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In Addams’ cartoons, which first appeared in The New Yorker, Wednesday and other members of the family had no names. When the characters were adapted to the 1964 television series, Charles Addams gave her the name “Wednesday”, based on the well-known nursery rhyme line, “Wednesday’s child is full of woe”. She is the sister of Pugsley Addams (and, in the movie Addams Family Values, also the sister of Pubert Addams), and she is the only daughter of Gomez and Morticia Addams.

via Wednesday Addams – Wikipedia, the free encyclopedia.

In all fairness to my sis …

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Hawkinsville GA, Pineview GA:  All my life when I visited Pineview GA, we would visit nearby Hawkinsville GA, and my grandparents would turn down Merritt St and stop in front of this house. They would say that my grandparents house on Bay Street in Pineview had been built in a hurry to replace a house that looked just like this house that had burned down around 1910. My great-grandfather JJ Dennard refused to build another two-story house since two of his girls had to jump to safety from the second story balcony. The new house which still stands is one story and all rooms have a door to the outside.

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Artistic Sushi Rolls,  Edvard Munch:

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via Artistic Sushi Rolls – Edvard Munch inspired Food Art from Sushi Sculptors.

‘Lawrence of Afghanistan’… And His Woman, Jim Gant, Top Green Beret Officer:  Fascinating story!

via Lawrence of Afghanistan: Rise and Fall of a Special Forces Legend Photos | Image #3 – ABC News.

‘Lawrence of Afghanistan’… And His Woman

General David Petraeus: ‘Going Native’ To Win In Afghanistan

A legendary Special Forces commander was quietly forced to leave the U.S. Army after he admitted to a love affair with a Washington Post war correspondent, who quit her job to secretly live with him for almost a year in one of the most dangerous combat outposts in Afghanistan.

U.S. Army Special Operations Command never publicly disclosed that highly-decorated Green Beret Major Jim Gant was relieved of command at the end of a harrowing 22 months in combat in March 2012.

His commanders charged in confidential files that he had “indulged in a self-created fantasy world” of booze, pain pills and sex in a tribal village deep in Taliban and al Qaeda country with his “wife,” journalist Ann Scott Tyson.

via Jim Gant: Top Green Beret Officer Forced to Resign Over Affair With WaPo Reporter – ABC News.

 

 

27
May
11

5.27.2011 … old news now … I went to Davidson for the public announcement of its 18th president, and SHE is wonderful. She has to be … there are at least 10,000 living alums … and she just got our dream job!

Davidson College, Dr. Carol Quillen, kudos:  Congratulations to Dr. Quillen, Davidson College’s 18th president, to DC’s Presidential Search Committee for a job well done and to Davidson College for being open to an outsider and a woman … the future is bright. I also had the privilege of joining John, a member of the Board of Trustees, for a quick dinner with Dr. Quillen … not only is she everything listed on her cv, she is charming, warm, engaging and humorous.  It a great time to be a wildcat! …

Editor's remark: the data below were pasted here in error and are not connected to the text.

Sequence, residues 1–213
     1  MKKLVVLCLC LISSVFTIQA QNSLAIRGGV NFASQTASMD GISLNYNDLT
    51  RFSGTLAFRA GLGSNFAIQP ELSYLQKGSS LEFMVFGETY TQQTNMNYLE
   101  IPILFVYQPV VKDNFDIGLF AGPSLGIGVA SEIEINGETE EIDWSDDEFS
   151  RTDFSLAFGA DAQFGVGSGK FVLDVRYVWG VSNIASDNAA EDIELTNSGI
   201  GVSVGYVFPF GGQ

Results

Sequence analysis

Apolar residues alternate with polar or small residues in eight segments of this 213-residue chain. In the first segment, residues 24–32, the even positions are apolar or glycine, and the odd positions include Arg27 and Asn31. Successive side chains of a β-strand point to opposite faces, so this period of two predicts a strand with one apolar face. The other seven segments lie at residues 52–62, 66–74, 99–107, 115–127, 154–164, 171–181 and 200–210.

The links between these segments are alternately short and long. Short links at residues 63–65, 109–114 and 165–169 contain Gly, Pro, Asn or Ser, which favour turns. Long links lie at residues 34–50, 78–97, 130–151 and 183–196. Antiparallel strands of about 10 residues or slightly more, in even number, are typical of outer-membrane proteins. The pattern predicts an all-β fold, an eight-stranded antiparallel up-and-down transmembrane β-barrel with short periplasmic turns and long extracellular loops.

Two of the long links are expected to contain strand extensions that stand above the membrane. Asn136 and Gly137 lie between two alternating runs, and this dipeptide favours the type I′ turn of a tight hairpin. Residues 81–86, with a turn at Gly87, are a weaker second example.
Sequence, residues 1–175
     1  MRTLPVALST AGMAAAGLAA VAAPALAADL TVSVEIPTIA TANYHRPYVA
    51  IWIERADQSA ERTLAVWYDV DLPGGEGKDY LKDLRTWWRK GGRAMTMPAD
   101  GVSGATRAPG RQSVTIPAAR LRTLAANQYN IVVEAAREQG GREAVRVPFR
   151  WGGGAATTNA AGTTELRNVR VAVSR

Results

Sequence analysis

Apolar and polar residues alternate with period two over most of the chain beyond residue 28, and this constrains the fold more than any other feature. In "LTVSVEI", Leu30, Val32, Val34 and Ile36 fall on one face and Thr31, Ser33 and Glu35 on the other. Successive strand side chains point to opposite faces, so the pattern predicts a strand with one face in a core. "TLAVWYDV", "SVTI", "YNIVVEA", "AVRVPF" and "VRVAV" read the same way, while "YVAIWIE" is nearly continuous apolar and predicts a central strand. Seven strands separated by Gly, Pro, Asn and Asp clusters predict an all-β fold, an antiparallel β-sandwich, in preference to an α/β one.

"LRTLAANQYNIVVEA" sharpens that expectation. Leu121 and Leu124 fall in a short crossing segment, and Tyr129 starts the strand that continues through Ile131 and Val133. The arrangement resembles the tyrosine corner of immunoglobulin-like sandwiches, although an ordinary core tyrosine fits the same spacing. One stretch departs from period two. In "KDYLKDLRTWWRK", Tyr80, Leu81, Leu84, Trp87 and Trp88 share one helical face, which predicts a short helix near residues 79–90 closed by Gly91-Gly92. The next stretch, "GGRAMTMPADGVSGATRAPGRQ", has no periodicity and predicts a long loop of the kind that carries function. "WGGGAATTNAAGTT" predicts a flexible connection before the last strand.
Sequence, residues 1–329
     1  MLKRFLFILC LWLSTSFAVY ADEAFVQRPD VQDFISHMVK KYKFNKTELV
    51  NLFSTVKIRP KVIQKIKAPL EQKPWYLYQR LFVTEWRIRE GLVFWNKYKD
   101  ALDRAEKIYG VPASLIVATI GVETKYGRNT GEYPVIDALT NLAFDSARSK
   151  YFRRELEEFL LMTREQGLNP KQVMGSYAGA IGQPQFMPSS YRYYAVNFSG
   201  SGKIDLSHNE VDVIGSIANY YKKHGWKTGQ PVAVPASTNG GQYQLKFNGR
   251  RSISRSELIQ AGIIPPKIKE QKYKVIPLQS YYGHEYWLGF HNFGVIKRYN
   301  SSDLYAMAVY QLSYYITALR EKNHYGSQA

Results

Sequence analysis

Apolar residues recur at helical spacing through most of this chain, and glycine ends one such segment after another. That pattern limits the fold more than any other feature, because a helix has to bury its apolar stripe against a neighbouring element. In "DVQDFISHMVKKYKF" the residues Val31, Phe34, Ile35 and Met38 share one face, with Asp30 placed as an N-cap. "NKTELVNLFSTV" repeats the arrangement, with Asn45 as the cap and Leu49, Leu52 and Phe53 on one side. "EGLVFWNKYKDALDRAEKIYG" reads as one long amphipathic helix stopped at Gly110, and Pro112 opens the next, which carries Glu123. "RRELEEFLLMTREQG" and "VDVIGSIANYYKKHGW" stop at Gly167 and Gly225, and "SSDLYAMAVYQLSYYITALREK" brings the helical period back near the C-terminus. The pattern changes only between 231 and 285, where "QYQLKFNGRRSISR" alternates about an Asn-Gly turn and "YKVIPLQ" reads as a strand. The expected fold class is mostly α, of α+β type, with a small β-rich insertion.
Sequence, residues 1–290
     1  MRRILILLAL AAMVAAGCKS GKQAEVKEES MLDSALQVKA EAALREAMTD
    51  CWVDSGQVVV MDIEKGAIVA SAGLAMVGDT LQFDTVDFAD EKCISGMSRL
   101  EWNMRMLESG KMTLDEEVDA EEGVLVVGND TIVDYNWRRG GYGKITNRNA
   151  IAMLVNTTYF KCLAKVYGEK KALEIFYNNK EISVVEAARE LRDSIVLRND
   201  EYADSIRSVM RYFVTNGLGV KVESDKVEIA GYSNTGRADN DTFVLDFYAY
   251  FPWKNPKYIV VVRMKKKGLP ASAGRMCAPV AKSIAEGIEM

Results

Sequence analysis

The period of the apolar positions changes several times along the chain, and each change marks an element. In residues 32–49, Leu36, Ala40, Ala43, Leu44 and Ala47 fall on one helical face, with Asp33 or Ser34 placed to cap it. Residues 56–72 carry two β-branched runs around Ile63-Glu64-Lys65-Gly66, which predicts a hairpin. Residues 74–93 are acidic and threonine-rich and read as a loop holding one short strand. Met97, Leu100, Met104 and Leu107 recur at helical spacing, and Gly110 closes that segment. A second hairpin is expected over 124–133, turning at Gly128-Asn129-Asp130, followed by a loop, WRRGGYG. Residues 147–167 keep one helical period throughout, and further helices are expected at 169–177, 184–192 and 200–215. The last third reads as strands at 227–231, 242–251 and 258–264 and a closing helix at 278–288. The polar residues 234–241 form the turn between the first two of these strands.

Carol Quillen understands all facets of the academic enterprise. A brilliant administrator and a talented teacher and scholar, she can articulate not only the value, but also the necessity of a liberal arts education. Her values are Davidson’s values. She inspired us, and we could not be more enthusiastic about welcoming her to Davidson.”

via Davidson College – Presidential Search.

At Davidson, a particular religious tradition grounds a foundational commitment to cultivating a broadly diverse and collegial community, where people possessing different talents, from different cultures, whose deepest convictions differ, can learn from and with each other in an environment of warmth and respect. Davidson creates a distinctive culture of inquiry and trust within which students grow as humane thinkers and perceptive leaders precisely because they are simultaneously engaged in the production of knowledge and challenged to build creative, purposeful lives. Davidson graduates morally courageous persons who are not afraid to take intellectual risks. Most important, Davidson somehow enables each student to discover the remarkable human being he or she could become, such that each student seeks to fulfill his or her highest potential—not because they have to, not because other people expect it, not because they will get in trouble if they don’t, but because they genuinely want to be that remarkable human being that this college shows them they are capable of becoming. Somehow Davidson gives students the courage to make their own decisions and to take responsibility for those decisions, so that, whatever they choose to do, they live lives of purpose and consequence in pursuit of their highest aspirations.